Sunday, June 12, 2011

There should be an AGE LIMIT on blaming your parents

I was lucky enough to have my parents with me while I was in therapy. I realize this is not the case for many people. But really people, there does have to be an age limit for how long you can blame your parents for your circumstance.

My mother would take my calls in my angst. Fresh from therapy. She would stop me, light a cigarette, then state, “Ok...I was a bad mother and I didn't raise you right. What are we working on today?”

I giggle now at her forthrightness but I appreciate she was there. She understood her limitations as a teen parent. She understood herself as a human being raising another human being. She understood she was not perfect. She was fallible. For that I am grateful.

I've met many adults who still harbor ill will toward their parents. They still blame their parents for how their life turned out. They are in their 40's, 50's, 60's, and 70's. Some have raised their own children. They've lived their lives.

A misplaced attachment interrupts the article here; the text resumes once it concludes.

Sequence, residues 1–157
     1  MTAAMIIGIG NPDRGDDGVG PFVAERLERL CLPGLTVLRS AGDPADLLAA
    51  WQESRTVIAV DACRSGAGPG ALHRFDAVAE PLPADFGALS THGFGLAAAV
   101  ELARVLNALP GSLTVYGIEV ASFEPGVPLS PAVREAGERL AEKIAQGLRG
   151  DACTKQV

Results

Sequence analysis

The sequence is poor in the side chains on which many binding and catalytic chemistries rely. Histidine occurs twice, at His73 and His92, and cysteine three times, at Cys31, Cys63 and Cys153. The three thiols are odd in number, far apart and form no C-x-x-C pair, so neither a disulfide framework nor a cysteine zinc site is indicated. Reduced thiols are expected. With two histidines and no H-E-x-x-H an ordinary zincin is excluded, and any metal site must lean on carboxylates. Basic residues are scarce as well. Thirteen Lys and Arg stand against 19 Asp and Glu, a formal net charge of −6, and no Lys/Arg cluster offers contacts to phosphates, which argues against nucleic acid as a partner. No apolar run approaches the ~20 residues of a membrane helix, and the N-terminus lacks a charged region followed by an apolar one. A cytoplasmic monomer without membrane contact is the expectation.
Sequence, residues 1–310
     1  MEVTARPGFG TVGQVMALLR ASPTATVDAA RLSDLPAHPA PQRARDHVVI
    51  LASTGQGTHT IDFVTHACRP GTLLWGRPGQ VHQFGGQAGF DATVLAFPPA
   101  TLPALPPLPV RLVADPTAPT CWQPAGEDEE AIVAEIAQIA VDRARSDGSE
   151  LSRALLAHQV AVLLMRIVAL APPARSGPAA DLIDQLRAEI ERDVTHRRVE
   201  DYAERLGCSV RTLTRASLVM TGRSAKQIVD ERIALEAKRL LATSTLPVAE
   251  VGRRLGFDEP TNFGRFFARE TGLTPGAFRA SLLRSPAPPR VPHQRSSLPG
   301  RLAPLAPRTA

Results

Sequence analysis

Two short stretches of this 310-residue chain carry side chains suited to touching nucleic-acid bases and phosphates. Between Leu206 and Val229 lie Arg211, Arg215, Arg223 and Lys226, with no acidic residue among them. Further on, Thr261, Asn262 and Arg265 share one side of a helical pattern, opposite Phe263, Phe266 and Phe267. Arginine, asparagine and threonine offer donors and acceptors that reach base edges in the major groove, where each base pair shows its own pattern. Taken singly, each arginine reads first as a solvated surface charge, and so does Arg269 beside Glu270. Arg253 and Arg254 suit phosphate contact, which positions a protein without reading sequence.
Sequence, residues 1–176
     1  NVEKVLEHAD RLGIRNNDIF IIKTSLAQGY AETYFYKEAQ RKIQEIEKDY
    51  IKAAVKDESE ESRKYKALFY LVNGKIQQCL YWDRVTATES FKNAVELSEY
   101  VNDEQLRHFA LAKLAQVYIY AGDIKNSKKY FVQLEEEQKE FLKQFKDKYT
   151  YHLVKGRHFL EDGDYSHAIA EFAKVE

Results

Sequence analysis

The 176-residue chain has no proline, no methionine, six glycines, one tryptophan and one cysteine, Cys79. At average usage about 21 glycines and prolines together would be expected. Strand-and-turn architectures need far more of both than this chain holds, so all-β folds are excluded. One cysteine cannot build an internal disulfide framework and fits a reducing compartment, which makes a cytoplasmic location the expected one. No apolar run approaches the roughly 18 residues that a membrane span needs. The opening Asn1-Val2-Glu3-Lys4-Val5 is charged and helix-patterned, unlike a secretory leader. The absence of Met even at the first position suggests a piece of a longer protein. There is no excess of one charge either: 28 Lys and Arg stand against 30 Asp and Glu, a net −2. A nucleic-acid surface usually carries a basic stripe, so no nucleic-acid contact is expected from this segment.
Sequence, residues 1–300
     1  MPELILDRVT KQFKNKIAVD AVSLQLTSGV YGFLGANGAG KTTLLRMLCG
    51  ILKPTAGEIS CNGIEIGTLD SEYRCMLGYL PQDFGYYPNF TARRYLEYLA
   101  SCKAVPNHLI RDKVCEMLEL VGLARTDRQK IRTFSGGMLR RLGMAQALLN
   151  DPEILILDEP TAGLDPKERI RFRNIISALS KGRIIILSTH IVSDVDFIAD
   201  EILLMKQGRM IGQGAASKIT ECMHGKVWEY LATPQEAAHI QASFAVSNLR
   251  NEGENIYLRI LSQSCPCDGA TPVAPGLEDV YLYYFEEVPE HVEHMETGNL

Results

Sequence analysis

My father was not as demonstrative in my crying and angry calls but he sat and listened. He encouraged me. He allowed me the opportunity to grow.

I know my parents are different from many others. I can't imagine still carrying stuff from that time in my life. I don't hold them accountable for their decisions. I understand them now because I have my own kid. We make choices.  We have to learn to live with them. They did the best they could with the circumstances they were in.

I tell people who bemoan a parent when they are in their 40's that it is time to "let it go". Release it into the universe. Write a letter – send it or not. Forgive. Live your life.

It saddens me when they carry it for so long. They are reliving a life they wanted. They wanted different choices to be made. I only want for them to accept what happened. Talking about it and carrying it to beat yourself up is not doing anyone justice.

My father died by the time he was 53. He was an incredible man. I wish you knew him. You knew kindness. You knew devotion. You knew he cared for his people. He loved his children. He only wanted the best for us. He encouraged me in school. He was proud of my accomplishments. He took very good care of me in the best way he knew how. He allowed me to be me. For that I am grateful.

My mother is still here and I enjoy her calls. She is a great parent to adult children. She is much like my father. Kind, devoted, and loves her children/grandchildren/great-grandchildren/step-children.

It is my hope that people learn to let go of what was. Heal, forgive, and grow. When you stop growing and holding on then you are not living. I know my parents gave me that gift. They gave me that permission. I in turn forgave, let go, and live. I hope that everyone else who is holding on can do the same.

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